What’s left for filmmaker Claude Lanzmann to tell us about the Shoah? At his death at 92 this past July, with rare honors at Les Invalides in Paris, he had gone from teenage fighter in the French resistance to the tireless creator of “Shoah,” its 9-plus hours of interviews followed by feature-length spinoffs.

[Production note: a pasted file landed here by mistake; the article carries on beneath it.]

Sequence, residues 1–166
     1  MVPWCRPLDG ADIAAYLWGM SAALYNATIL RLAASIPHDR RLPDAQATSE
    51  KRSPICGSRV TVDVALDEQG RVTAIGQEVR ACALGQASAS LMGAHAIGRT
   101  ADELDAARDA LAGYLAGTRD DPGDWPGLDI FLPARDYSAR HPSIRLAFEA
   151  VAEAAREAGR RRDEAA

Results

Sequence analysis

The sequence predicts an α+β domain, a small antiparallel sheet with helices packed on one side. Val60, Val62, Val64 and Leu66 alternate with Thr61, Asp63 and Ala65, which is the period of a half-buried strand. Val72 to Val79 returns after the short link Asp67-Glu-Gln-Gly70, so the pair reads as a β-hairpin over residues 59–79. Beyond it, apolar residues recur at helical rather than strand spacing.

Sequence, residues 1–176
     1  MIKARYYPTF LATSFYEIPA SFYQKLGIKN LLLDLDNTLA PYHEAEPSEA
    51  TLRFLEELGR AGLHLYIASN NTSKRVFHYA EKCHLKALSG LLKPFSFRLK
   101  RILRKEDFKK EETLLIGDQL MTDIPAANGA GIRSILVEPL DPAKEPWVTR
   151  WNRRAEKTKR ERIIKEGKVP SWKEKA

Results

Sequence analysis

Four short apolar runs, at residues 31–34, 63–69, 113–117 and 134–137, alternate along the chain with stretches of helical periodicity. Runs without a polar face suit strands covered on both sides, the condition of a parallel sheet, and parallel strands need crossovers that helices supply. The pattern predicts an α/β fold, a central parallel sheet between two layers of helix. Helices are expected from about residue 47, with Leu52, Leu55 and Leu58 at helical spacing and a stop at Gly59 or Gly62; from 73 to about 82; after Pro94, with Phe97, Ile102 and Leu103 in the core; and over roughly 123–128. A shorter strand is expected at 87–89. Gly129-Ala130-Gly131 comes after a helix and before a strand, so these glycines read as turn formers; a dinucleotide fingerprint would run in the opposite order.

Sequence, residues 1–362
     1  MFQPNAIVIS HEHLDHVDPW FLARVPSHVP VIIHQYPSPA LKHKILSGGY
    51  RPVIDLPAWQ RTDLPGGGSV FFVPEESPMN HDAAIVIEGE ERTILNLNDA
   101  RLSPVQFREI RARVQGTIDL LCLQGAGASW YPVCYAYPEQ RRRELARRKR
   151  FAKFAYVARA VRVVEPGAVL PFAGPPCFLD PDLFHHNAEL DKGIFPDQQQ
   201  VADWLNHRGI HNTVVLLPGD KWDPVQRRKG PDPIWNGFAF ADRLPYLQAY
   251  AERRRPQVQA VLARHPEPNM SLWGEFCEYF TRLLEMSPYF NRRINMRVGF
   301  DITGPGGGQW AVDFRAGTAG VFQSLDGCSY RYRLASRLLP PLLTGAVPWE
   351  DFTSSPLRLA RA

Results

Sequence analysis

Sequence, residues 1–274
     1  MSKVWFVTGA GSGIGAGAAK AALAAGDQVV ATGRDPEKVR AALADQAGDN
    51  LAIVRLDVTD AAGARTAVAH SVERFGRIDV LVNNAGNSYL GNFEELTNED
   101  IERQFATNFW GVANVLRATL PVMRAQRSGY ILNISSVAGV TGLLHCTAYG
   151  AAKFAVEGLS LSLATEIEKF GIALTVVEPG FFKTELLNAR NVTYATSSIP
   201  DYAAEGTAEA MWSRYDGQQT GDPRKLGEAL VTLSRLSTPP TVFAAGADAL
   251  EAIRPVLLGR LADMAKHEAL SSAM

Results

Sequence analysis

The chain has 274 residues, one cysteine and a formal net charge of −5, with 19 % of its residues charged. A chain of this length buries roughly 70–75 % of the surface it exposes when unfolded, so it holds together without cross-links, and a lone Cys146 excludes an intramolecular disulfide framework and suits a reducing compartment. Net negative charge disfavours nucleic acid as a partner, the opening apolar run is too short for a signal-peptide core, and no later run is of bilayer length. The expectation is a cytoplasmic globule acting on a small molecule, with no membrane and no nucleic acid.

Much of Lanzmann’s work concentrates on men’s stories. Now women are getting the last words. And the telling is in the details. Would these stories have the same impact if they were not part of the Lanzmann canon? I think not. But he showed us a different way of looking at the Shoah. As historian Deborah Lipstadt says, Lanzmann was trying to instill modesty of judgment. We don’t know what we’d do in their place.